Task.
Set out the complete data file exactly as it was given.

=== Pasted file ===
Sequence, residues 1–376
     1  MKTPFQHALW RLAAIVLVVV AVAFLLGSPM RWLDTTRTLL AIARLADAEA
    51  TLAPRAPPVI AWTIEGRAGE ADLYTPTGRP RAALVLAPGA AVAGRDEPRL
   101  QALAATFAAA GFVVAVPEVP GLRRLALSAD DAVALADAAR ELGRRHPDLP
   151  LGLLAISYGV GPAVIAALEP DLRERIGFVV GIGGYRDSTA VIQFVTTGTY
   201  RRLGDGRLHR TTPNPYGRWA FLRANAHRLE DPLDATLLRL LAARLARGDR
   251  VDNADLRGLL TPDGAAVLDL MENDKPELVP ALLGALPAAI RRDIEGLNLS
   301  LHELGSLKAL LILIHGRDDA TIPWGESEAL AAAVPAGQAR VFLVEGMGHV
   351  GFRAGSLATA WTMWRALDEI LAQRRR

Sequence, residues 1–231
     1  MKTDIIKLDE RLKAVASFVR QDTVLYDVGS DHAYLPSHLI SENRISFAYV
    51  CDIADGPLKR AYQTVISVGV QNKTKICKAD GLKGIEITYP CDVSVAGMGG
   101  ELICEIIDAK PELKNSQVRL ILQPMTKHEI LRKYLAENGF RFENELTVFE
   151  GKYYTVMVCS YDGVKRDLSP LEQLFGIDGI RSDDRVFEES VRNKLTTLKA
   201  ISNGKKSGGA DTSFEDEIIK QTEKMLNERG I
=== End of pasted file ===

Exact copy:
Sequence, residues 1–376
     1  MKTPFQHALW RLAAIVLVVV AVAFLLGSPM RWLDTTRTLL AIARLADAEA
    51  TLAPRAPPVI AWTIEGRAGE ADLYTPTGRP RAALVLAPGA AVAGRDEPRL
   101  QALAATFAAA GFVVAVPEVP GLRRLALSAD DAVALADAAR ELGRRHPDLP
   151  LGLLAISYGV GPAVIAALEP DLRERIGFVV GIGGYRDSTA VIQFVTTGTY
   201  RRLGDGRLHR TTPNPYGRWA FLRANAHRLE DPLDATLLRL LAARLARGDR
   251  VDNADLRGLL TPDGAAVLDL MENDKPELVP ALLGALPAAI RRDIEGLNLS
   301  LHELGSLKAL LILIHGRDDA TIPWGESEAL AAAVPAGQAR VFLVEGMGHV
   351  GFRAGSLATA WTMWRALDEI LAQRRR

Sequence, residues 1–231
     1  MKTDIIKLDE RLKAVASFVR QDTVLYDVGS DHAYLPSHLI SENRISFAYV
    51  CDIADGPLKR AYQTVISVGV QNKTKICKAD GLKGIEITYP CDVSVAGMGG
   101  ELICEIIDAK PELKNSQVRL ILQPMTKHEI LRKYLAENGF RFENELTVFE
   151  GKYYTVMVCS YDGVKRDLSP LEQLFGIDGI RSDDRVFEES VRNKLTTLKA
   201  ISNGKKSGGA DTSFEDEIIK QTEKMLNERG I